Documentation:Peer Review of Teaching/Role in tenure and promotion

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The quality of one's teaching, along with one's scholarly activity and service, is a key component in any review for tenure or promotion at UBC. According to the Senior Appointments Committee (SAC) Guide, the following principles should inform the summative review of teaching:

3.2.1 Teaching includes all activities by which students, whether in degree or non-degree programs sponsored by the University, derive educational benefit. This may include lectures, seminars and tutorials, individual and group discussion, supervision of individual students' work, or other means.

3.2.2 An individual's entire teaching contribution should be assessed.

3.2.3 Evaluation of teaching should be based on the effectiveness rather than the popularity of the instructor. Indicators of effectiveness include: command over subject matter, familiarity with recent developments in the field, preparedness, presentation, accessibility to students, and influence on the intellectual and scholarly development of students. Consideration shall be given to the ability and willingness of the candidate to teach a range of subject matter and at various levels of instruction.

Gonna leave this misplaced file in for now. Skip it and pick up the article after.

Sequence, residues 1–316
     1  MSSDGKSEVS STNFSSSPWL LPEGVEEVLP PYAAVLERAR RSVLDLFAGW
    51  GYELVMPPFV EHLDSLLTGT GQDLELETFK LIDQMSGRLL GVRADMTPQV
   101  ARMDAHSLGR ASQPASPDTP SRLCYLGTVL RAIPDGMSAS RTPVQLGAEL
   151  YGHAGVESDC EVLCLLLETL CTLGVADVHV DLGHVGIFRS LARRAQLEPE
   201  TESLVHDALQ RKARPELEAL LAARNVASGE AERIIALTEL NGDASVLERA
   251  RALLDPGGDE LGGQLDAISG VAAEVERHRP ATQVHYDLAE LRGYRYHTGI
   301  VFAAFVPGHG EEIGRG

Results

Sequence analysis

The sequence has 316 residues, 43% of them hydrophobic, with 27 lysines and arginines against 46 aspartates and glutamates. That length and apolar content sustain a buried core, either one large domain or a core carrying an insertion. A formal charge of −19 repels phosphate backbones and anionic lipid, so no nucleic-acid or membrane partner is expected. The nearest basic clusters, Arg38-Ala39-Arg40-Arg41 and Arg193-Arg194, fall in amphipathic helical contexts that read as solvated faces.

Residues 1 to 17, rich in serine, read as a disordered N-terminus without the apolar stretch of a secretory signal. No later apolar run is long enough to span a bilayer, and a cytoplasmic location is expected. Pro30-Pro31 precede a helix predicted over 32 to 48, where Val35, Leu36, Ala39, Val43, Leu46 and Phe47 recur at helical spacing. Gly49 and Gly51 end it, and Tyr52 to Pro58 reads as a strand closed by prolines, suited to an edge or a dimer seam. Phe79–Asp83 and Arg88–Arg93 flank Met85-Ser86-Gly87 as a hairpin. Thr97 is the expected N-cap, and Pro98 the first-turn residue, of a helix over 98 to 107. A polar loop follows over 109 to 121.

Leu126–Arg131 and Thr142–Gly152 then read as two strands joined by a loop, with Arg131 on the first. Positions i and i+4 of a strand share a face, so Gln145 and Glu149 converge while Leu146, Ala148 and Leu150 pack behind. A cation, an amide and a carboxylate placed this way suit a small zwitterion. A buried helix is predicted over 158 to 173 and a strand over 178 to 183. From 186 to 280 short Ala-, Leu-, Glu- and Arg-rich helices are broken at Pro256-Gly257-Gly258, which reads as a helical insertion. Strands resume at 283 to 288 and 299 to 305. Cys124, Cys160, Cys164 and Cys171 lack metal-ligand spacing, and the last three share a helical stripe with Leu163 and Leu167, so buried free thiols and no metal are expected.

3.2.4 The methods of teaching evaluation may vary, but will normally include student opinion and peer assessment by colleagues of performance. Other methods may include outside references concerning teaching at other institutions, course material and examinations, the calibre of supervised essays and theses, and other relevant considerations. Please note UBC Vancouver‟s Senate Policy on Student Evaluation of Teaching approved on May 16, 2007 (found online at

3.2.5 When the opinions of students or of colleagues are sought, this should be done through formal procedures.

3.2.6 Where a candidate does not have a formal joint appointment but does a significant amount of teaching in another Faculty, the file should include at least a statement from the Dean of that Faculty providing a summary of teaching in that Faculty.

(Source: SAC Guide 2009, pp. 10-13)